Is age just a political number?
You know you’re getting older when those expressions you heard from your grandparents start to ring true and “A new broom sweeps clean, but an old broom knows the corners,” is just such a phrase. It wasn’t so long ago that the new brooms were sweeping over the political stage, but the old brooms are back!
Tony Blair was only 43 when he became Prime Minister in 1997, and when David Cameron stepped into power in 2010 (also aged 43), he became the youngest British Prime Minister since 1812. It’s hard to remember the innocent curiosity with which the country watched his first press conference as PM, bromantically bantering with his new deputy Nick Clegg (yet another youthful 43 year old). On that sunny day it appeared as if the days of the Old Guard had been swept away for good.
Oldies were out and the Young Turks were running the place. Their polished dynamism seemed to reflect what was going on in society at large. They were a new breed of actual world leaders who could run the country and still cut it with the kids, whether it was Tony Blair hanging out with Noel Gallagher at No 10 or Barrack Obama (president at 46) slow jamming it on Saturday Night Live. However, after a while all that polished spin eroded trust, the youthful exuberance felt more like arrogance and the electorate craved a return to substance over style.
In the UK, the balance of power now tips between Theresa May (60) and Jeremy Corbyn (68), while it looks highly likely that the Lib Dems are going to elect the 74 year old Vince Cable as their new leader.
Meanwhile, on the other side of the Atlantic, Donald Trump was elected aged 71 and (69 year old Hillary aside) let’s not forget that the other wildcard who captured the imagination of the youth in last year’s US election was Bernie Sanders who is 75.
Are we to believe that 60 is the new 40 as often reported by the tabloids? Scientists have pointed to the benefits of healthier living as moving the goal posts on middle age, and the sight of grandparents in branded hoodies hanging out on dating sites and splashing their cash on ‘youthful pursuits’ is just norm these days. In light of this, do people see age as just a number for this new breed of old political leaders or is it just that those frenetic strokes to modernise the world by the ‘new brooms’ fell short of expectations?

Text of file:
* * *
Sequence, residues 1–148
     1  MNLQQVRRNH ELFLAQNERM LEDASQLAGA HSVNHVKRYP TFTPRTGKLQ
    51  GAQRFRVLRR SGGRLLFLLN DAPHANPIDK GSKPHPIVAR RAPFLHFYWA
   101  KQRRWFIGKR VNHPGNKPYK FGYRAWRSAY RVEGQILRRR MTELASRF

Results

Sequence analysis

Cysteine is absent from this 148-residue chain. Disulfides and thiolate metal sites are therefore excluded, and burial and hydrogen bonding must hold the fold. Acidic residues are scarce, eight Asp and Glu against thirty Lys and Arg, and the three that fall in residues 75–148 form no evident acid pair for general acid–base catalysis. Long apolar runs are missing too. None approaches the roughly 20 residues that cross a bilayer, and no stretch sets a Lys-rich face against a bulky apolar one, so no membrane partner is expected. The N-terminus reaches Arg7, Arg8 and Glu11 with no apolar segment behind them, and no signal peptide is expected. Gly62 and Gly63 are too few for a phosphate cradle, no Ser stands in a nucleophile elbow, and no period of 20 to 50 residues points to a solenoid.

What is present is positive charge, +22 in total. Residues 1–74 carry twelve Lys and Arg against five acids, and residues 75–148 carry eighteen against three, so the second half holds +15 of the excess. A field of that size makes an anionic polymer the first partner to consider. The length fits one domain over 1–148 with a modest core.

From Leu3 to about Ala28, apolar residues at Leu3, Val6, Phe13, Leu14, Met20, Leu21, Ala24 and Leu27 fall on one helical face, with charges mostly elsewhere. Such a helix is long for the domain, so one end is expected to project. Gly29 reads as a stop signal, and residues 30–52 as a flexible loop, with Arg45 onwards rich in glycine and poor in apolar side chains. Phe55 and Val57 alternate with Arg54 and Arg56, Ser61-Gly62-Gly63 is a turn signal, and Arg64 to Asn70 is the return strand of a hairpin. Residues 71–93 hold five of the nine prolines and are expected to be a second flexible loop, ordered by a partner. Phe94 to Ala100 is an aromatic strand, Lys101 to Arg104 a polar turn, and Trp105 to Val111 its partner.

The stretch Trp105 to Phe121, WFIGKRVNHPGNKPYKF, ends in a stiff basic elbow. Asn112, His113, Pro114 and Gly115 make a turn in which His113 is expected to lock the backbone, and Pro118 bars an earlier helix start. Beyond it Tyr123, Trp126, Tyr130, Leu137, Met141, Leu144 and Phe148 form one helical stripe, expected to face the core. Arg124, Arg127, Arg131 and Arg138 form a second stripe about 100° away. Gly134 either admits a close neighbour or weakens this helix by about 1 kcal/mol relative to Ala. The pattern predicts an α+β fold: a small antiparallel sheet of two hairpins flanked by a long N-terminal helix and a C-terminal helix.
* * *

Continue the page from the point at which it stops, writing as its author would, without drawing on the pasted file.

The truth is probably a bit of both. Much as in business, when times are tough, we seek out the experienced who have been there before, either as a safe pair of hands (Mrs May was supposed to fulfil this role) or as a counter balancing force, complete with bona fide substance, as in the case of Mr Corbyn and Mr Sanders. An ageing population is obviously more comfortable with older politicians but age seems to be just a number too for the newly energised youth who rallied around Mr Corbyn (although that could be simply because if you’re young, anyone over the age of 40 is lumped in the same bracket!).
Of course the present exceptions to the political oldie trend are Emmanuel Macron and Justin Trudeau (39 and 45 respectively), who are currently waving the youthful flag to great political effect. However both have recently taken over from the Old Guard, much in the same way that Tony Blair did in 1997, and only time will tell if they will fulfil the promise of youthful hope that accompanied their elections…
Luan de Burgh
Luan de Burgh is a speaker, writer and founder of The de Burgh Group – a specialist business communication training provider dedicated to helping people perform at their highest potential.